Last known location: London, England

Salto Stopover

We left Colonia and headed north, eventually aiming to get to Iguazu Falls on the border of Argentina, Paraguay and Brazil. That was a fair way away though so we thought we’d break the journey with one last stop in Uruguay, in the town of Salto. The bus followed the Rio Uruguay (which is also the Argentine border) north for more than 8 hours, passing through very small towns and mainly rolling green hills, farmland and vineyards along the way.

We’d set off at a slightly painful 5.40am, but this at least meant we arrived at a decent time, and after a bit of an explore we settled in at a cafe on the high street and spent the afternoon watching the world go by and surreptitiously feeding a slightly ill looking stray dog, who had a dangerous habit of trying to sleep in the middle of the road!

Later that night we headed out for some dinner to find the town pretty much deserted. We did manage to find somewhere that was open, but after sitting down it seemed like it might be a bit fancy for us! There was yet more steak, some red wine from a vineyard just outside the town (which the waiter seemed particularly proud of, and rightly so) and some delicious Dulce de Leche mousse. Dulce de Leche seems to come with everything in the countries we’ve visited so far – quite addictive and particularly good with croissants! We were relieved to find that the whole lot came to just over £20, so we went home happy!

The one big attraction in Salto are the hot springs, which apparently draw tourists from all over the country, so the next day we thought we’d take a trip to the ‘Termas‘, or baths. It wasn’t quite what we were expecting – it was more like a lido set in a park, but we had a nice afternoon lying in the sun and soaking in the very warm pools. The place was packed with Uruguayans eating their picnics and sipping their Yerba Mate – a herbal drink which you consume from a gourd using a special straw. We’ve seen people everywhere clutching their mate and flasks of warm water!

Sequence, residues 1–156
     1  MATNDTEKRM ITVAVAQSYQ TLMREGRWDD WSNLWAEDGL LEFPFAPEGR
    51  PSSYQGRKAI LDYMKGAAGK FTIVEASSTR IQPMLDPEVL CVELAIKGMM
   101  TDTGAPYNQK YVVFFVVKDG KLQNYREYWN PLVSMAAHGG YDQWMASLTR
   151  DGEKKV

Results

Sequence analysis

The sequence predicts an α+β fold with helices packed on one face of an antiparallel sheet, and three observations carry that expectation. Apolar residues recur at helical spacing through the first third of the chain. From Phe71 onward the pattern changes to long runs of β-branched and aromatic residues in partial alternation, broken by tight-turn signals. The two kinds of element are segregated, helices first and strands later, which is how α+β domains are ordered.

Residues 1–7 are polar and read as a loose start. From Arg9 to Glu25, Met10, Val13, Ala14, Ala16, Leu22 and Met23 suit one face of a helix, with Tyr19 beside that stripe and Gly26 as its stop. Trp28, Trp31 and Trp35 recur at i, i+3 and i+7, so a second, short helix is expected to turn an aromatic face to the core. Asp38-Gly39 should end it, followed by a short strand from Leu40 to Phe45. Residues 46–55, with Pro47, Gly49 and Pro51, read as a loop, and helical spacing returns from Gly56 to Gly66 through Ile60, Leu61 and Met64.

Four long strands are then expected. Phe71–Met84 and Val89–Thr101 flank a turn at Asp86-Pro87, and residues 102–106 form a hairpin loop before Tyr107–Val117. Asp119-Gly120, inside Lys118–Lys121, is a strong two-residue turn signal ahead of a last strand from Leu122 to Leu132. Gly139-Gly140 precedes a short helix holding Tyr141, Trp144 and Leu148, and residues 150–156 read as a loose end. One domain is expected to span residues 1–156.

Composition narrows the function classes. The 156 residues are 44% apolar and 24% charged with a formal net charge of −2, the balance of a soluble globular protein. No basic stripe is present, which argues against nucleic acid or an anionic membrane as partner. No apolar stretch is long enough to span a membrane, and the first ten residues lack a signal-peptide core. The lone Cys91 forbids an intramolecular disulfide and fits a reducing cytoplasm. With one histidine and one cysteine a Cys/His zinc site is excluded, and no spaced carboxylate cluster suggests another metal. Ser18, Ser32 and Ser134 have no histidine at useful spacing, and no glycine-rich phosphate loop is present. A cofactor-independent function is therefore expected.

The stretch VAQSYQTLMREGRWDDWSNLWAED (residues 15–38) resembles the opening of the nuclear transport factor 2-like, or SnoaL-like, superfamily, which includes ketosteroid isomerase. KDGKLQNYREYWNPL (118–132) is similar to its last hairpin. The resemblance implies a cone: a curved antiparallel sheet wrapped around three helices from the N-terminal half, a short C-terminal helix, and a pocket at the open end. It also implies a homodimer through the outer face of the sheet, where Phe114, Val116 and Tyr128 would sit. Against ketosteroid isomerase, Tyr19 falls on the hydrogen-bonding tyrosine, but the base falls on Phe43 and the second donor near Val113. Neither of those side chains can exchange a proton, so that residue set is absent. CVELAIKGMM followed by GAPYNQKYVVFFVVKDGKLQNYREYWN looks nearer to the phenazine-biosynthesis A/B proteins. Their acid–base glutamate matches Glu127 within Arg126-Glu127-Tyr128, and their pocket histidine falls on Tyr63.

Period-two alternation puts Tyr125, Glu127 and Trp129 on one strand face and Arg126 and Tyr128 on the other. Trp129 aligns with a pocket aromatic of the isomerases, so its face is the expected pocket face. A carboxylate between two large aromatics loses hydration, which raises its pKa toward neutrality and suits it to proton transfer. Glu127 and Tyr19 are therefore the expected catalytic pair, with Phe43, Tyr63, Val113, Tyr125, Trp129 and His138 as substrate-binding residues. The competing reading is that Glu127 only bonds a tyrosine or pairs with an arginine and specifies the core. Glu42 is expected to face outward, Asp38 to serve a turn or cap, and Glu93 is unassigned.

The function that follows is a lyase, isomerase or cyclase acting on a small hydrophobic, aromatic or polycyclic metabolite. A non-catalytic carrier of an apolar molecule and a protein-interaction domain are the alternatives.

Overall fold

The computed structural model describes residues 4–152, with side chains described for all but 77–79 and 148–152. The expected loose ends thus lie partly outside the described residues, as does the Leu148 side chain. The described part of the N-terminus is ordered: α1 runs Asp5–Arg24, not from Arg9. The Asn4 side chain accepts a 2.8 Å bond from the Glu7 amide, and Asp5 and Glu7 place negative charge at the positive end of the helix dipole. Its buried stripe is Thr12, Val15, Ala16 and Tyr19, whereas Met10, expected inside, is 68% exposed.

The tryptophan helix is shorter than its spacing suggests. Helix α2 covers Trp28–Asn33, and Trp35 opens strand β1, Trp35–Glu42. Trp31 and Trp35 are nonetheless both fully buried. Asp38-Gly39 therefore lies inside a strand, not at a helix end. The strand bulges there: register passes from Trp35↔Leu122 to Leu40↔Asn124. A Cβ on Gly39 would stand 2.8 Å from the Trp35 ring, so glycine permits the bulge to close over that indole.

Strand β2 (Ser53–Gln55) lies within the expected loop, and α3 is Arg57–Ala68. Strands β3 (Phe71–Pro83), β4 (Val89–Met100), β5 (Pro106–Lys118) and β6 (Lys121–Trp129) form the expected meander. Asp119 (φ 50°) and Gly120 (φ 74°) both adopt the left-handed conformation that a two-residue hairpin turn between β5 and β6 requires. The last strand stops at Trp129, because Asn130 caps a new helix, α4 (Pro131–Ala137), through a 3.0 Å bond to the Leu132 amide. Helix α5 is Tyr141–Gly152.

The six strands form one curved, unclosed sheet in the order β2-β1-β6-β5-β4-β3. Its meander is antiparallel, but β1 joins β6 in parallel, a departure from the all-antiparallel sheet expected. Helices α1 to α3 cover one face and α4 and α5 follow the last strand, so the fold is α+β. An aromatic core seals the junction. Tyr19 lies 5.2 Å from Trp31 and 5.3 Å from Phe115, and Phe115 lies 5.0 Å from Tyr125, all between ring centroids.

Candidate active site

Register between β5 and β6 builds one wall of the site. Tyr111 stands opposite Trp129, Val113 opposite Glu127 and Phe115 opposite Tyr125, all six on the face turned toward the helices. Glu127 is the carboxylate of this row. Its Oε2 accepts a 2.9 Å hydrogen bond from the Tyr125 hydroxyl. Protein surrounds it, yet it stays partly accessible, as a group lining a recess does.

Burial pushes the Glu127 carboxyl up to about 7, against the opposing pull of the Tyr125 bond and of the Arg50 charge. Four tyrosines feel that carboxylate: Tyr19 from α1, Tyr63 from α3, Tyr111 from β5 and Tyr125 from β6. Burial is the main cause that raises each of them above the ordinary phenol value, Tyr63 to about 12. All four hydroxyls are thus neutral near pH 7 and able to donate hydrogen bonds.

That evening it was time to move on again, and we caught our first overnight bus of the whole trip. We’d somehow managed to avoid it up to this point, but we bit the bullet and it wasn’t actually too bad. First we had to cross the river from Uruguay to Argentina. This was a much more basic affair than we were expecting, the ticket office was a shed by the road and the immigration point consisted of a woman sitting at a table with a passport stamp, in what could have been her living room. The boat left immediately and at nothing like the time it was supposed to, and we crossed the river as the sun set, landing in Concordia, Argentina a few minutes later.  Another very simple immigration process followed, this time with a quick customs bag search.  A short taxi ride (we think it was a taxi but the bullet hole in the front windscreen was a bit off-putting!) took us to the bus station and we managed to secure our tickets for the overnight trip.

Once we were on the bus, we found we had plenty of space and the seats went most of the way back. We also got given an airline style hot meal which was surprisingly good, but a bit tricky to eat on a bumpy bus, and there was a film on the TV for a couple of hours before all the lights went out. Gem had been particularly concerned about getting her full quota of sleep but was predictably out like a light! Despite her protestations to the contrary it does in fact seem she can sleep anywhere! To be fair though it didn’t last, and from 3am onwards we were awake for most of the time counting down the miles. We eventually arrived in Iguazu at 11am, just the 3 hours late, and ready for a nap on a proper bed!

1 Comment:
  1. John 28 Mar, 2011

    Gem keep up the goodworkand sleep whenever you have the opportunity. I do!

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